Actually I write that without the cynicism of old, because there’s no “hurt” carrying over. I daresay I was relieved that the test was negative. I never even mentioned it to Sparring Partner.

My incentive to write here again isn’t to get back into blogging, nor is it to create some kind of swan song. I thought it was important though to just let the people know who might have stumbled here from some kind of infertility and miscarriage loss, especially if recent, that eventually it really does get a little better. For me, I think it’s the kind of wound that calloused over, much like my melanoma scar. I know it’s there. I see it, but when I touch it, it’s like touching someone else’s skin.

I remember that very singular moment the ultrasound tech told me my baby had no heartbeat like it was yesterday when all I can do is pray I’ll eventually forget. In fact, it still makes my breath catch in recollection. However, I can no longer remember what Aitch smelled like as a newborn even though I buried my nose into her hair a thousand times over telling myself “Don’t ever forget this.”

But I have. I’m OK with that, too. Forgetting both good and bad events from the past years strikes me as being more “normal” than reliving just one or the other. On the other hand, while things are better relatively, they certainly are not perfect, what with SP’s dad gone; my mom’s hastened spiral into dementia; and Doodicus being on the cusp of puberty mixed with teen rebellion and brazen attitude.

I can’t even hazard to guess if I would feel this “OK” if I hadn’t had the successful donor cycle. Without being overly dramatic, I think I wouldn’t be AS much so or that it would have taken longer. Her healthy birth and what seems to be fairly normal development is an added salve to the end of any crappy day I might have. She will also be the one reason the wounds will never fully disappear. She’s the reminder of the hell on earth I walked through for. I couldn’t and wouldn’t have it any other way.

For now, I hope to continue that float up. Not too quickly or too soon as I fear once I break the surface, it shall mean I have died. It’s not too bad here. It’s OK.

November 1 – Unemployed…Again

Today I became officially unemployed. 

I want to give being a stay-at-home-mom a chance, but I worry that like my most recent position, which ended after two-and-a-half years because the surgeon retired, that I will become disenchanted within a year. Or, even worse, I will be a enormous failure to my children, my husband and of course, myself, and will be forced to give myself the ax.

This recent change in employment is also why I thought I would write this post, my own inaugural for NaBloPoMo 2013. I should have plenty of free time, at least according to my husband, who worries I’ll spend the day shopping for shoes or re-watching Walking Dead episodes (I totally get why Carol did what she did…). I’m not going to say that’s NOT going to happen, but I have some ideas what I’ll do with all that “extra” time:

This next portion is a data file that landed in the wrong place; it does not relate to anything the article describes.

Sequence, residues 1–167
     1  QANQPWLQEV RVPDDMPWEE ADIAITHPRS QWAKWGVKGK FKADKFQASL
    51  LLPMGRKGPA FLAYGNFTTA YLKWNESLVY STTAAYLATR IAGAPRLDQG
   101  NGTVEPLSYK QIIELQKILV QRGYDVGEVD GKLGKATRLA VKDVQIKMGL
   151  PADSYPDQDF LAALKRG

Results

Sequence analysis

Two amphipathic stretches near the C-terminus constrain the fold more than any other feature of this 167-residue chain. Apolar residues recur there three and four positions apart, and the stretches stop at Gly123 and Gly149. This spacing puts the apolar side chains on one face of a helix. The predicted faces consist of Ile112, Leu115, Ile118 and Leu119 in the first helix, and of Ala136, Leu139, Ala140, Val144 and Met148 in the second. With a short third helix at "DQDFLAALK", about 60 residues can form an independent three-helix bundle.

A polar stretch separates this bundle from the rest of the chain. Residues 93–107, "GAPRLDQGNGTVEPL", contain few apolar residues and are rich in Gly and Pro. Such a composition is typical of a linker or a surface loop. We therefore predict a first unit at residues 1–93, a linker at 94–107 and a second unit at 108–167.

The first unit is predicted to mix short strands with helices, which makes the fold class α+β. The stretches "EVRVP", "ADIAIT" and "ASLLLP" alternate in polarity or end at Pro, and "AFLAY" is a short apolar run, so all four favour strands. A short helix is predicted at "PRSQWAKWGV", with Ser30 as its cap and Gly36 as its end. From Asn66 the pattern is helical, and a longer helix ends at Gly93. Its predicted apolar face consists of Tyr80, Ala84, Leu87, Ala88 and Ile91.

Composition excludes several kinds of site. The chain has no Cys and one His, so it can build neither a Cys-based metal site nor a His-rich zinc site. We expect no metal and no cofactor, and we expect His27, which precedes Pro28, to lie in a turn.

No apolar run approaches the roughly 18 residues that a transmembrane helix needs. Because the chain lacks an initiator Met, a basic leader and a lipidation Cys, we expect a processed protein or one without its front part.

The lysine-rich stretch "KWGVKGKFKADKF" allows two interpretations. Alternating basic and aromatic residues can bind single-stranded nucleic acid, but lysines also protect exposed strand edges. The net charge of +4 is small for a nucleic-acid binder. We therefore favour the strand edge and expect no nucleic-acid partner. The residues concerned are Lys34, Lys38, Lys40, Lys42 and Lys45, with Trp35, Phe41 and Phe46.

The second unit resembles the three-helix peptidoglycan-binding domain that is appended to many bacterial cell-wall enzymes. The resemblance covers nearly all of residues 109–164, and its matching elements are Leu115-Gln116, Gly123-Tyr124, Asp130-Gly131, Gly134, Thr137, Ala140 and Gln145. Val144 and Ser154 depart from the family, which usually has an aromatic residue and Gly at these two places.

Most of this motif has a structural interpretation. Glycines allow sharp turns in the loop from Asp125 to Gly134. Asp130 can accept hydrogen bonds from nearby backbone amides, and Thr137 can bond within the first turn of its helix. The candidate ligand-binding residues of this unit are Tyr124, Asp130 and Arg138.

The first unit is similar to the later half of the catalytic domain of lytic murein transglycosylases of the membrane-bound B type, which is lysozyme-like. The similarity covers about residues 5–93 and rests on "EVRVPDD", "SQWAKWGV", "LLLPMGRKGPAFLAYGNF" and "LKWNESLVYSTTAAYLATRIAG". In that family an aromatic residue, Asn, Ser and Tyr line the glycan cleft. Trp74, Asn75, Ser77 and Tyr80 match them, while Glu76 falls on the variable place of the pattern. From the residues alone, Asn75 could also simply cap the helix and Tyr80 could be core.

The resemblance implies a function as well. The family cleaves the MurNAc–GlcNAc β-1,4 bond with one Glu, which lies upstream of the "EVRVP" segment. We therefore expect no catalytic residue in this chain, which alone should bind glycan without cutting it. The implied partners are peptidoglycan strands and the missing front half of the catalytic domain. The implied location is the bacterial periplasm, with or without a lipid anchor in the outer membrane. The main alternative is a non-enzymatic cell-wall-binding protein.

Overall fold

• Organize the mud-room closet and make room for all the past school supplies. I realized this year that I buy giant packages of pencils and notebooks and all kinds of school-crap and then forget about them by August.
  • Get rid of lots of baby toys, specifically the ones I’ve hidden in the basement for the past two years. I need to find some way to pay for next botox treatment.
  • Cook more at home. OK, I’ll admit that I didn’t need to add the “more” to that statement.
  • Volunteer at my childrens’ schools. Aitch’s teacher sent home a note from school that she must have created in a document several years ago. She whites out the date and handwrites the new one in its place and makes photocopies of that. I’m also guessing that she often uses the term “xerox” in lieu of “copy”.

And there we have it, Day 1. Please hold your applause until we reach the end of November. Thank you.

Nutshell of Spring 2013

My mother’s dementia has significantly worsened in a year.

My MIL is making everyone nuts with her whining and demands. Yes, she’s grieving, but really? That doesn’t excuse anyone from just saying “please” and “thank you”, does it?

I’ve been hating my job. Well, not so much as my job, but the people. The one temp puts the entire office on edge and has made me realize I never want to supervise other people.

My son, who recently turned 11 (AND-A-HALF!) is on summer break. It took some serious hard work, but aside from an 86%, all his scores were 91% and above.

My daughter turns five next month.

We leave for a family beach vacation next Saturday. Maybe then I’ll feel up to writing.

Grief by Proxy

Around midnight last Thursday, my FIL died peacefully in his sleep with my husband and his sister by his bedside. He lived an incredibly full and rich life in the nine plus decades he had, but his loss has profoundly affected Sparring Partner who spent more nights than not in his room over the several months at the rest home watching either football, baseball, basketball and even the coverage of the 2012 Presidential Election.

My first official date with Sparring Partner started with us going to his parents’ house where they were having a major party to celebrate dad’s 70 birthday. It was a big deal because family flew in from the east coast to surprise him. When I walked down the stairs to the basement where the family had gathered, I was instantly immersed in the sounds of what I imagined would be similar to a noisy pub in Boston. The laughter (braying) and the *clunk* of full beer glasses which followed the din of "Cheers!" are still fresh in my head as if I had heard it last weekend, not 20-plus years ago. Maybe it’s because even when there were no extended family members around, my FIL still could summon that impression just by sitting at the head of any table.